Inside of Anglo-Saxon hanging bowl from Prittlewell (c) MOLA.jpg

MOLA nominated for two Current Archaeology awards

MOLA team
10.01.2020

We’re thrilled to have been nominated in not one, but two categories for the 2020 Current Archaeology Awards – the competition closes soon, so don’t delay, please cast your votes today for two of our amazing archaeological projects.

Our work uncovering hidden insights into the Prittlewell princely burial has been nominated in the Research Project of the Year category. This research, led by MOLA and funded by Southend-on-Sea Borough Council and Historic England, explores previously unidentified artefacts from an Anglo-Saxon burial chamber in Prittlewell, Essex.

Over 40 leading experts left no stone unturned in revealing the secrets that lay beneath centuries of earth and corrosion, revealing rare and precious objects including a 1400-year-old painted box which is the only surviving example of early Anglo-Saxon coloured woodwork, as well as a gold belt buckle, remains of a lyre, drinking vessels, shoe buckles and a decorative hanging bowl. The presence of a sword and gold crosses made especially for the burial suggest the inhabitant of the chamber was an early Anglo-Saxon Christian warrior.

The MOLA Northampton publication The Pioneer Burial: a high-status Anglian warrior burial from Wollaston, Northamptonshire, written by Ian Meadows, has also been nominated for Book of the Year. The publication examines the story of the 7th century ‘Wollaston warrior’ interred in a strategically significant position next to the River Nene and adjacent to a Roman road.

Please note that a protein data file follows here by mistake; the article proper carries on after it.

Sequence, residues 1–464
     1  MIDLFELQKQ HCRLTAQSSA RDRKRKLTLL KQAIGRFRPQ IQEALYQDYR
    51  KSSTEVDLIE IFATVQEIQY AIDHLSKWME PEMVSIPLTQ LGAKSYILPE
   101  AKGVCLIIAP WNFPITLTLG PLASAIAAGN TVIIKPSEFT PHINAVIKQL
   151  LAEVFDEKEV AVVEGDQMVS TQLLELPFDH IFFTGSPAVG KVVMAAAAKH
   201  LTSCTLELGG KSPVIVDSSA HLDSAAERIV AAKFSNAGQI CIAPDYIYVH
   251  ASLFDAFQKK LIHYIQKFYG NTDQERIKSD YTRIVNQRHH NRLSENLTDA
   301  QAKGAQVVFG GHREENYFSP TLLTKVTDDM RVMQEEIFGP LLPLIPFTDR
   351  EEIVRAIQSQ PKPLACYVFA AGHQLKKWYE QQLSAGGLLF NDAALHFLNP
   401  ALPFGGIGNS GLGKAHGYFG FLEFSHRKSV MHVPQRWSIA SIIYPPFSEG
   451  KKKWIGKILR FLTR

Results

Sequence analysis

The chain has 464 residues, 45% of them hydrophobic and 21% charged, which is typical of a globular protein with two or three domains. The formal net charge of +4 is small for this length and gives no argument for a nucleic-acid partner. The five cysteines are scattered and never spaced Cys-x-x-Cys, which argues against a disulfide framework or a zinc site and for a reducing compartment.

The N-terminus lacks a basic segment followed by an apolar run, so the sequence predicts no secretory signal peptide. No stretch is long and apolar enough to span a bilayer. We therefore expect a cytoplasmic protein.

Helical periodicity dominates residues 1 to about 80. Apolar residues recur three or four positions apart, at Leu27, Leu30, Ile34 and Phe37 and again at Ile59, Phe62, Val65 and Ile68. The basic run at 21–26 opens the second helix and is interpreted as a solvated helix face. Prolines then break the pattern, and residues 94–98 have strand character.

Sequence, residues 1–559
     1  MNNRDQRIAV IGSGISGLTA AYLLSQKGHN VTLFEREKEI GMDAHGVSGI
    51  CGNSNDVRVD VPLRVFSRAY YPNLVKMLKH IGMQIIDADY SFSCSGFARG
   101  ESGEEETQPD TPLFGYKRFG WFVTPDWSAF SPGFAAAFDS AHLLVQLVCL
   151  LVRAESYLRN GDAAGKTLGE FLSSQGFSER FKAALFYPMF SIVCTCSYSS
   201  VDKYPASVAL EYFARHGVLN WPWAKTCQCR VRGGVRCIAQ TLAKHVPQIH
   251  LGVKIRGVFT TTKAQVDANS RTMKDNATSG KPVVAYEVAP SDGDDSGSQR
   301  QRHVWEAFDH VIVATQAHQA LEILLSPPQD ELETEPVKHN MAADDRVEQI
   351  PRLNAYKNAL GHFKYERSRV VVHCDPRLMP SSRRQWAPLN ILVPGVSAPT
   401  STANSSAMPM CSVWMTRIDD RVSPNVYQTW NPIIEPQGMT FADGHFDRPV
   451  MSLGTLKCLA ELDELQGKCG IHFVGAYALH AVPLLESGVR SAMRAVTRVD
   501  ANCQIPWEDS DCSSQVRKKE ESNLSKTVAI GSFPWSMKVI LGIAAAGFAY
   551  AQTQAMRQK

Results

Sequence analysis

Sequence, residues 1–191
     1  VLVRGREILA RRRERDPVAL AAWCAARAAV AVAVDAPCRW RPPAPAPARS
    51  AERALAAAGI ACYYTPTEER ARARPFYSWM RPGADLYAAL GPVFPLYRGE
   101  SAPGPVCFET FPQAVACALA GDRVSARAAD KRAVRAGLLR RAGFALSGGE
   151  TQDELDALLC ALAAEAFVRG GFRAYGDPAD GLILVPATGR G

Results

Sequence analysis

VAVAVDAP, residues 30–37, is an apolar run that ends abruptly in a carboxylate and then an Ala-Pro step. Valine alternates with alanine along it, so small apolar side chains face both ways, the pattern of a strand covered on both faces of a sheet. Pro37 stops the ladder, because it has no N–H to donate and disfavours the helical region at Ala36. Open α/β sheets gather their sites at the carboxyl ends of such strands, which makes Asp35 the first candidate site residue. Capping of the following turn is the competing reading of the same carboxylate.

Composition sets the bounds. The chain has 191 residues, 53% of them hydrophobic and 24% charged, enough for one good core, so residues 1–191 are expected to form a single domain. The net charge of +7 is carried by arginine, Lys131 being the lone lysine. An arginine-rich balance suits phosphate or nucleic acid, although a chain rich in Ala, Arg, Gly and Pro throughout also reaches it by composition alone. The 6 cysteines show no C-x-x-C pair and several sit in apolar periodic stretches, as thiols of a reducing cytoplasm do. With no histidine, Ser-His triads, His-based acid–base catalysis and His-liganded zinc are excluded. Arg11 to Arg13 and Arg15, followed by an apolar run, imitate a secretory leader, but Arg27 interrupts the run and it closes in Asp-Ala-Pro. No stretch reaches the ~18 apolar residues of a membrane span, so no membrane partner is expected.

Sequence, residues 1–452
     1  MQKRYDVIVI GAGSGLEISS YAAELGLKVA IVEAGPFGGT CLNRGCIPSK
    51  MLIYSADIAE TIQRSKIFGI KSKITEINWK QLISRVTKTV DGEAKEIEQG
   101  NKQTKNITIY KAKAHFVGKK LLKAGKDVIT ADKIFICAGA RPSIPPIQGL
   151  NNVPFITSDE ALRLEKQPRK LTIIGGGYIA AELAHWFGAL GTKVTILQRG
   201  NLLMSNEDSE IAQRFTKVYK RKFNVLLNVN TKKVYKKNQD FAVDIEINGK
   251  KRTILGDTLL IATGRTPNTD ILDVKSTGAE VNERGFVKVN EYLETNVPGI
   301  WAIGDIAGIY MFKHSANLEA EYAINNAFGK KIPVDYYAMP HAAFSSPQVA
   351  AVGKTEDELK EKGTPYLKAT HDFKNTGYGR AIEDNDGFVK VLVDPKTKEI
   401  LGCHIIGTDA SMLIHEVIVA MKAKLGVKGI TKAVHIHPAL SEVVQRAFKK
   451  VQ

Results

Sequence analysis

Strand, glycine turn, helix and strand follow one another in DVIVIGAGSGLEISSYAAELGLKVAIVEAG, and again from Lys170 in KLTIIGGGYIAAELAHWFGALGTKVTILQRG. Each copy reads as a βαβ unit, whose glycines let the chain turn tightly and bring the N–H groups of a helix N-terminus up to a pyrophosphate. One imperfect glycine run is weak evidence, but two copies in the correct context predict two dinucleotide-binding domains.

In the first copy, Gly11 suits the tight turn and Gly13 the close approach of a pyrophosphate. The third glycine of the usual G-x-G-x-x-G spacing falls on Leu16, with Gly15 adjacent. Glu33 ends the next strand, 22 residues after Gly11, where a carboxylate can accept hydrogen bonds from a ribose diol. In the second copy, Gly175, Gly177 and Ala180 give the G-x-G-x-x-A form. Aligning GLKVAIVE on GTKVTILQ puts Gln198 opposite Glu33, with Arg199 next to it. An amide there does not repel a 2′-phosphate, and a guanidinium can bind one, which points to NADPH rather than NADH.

Excavated by MOLA, on behalf of Hanson Aggregates, the grave goods found within the burial site include a helmet which is the only the fourth ever found in an Anglo-Saxon burial in England, and only the second known decorated with a boar crest. Other significant grave goods including a pattern welded sword, copper alloy hanging bowl and three iron buckles also served to suggest that this was a person of significant status.

The awards are voted for entirely by the public, so please visit www.archaeology.co.uk/vote before 10th  February 2020; you have one month to register your support for these amazing two projects, both of which revealed the secrets of culturally significant burial practices for influential Anglo-Saxons.

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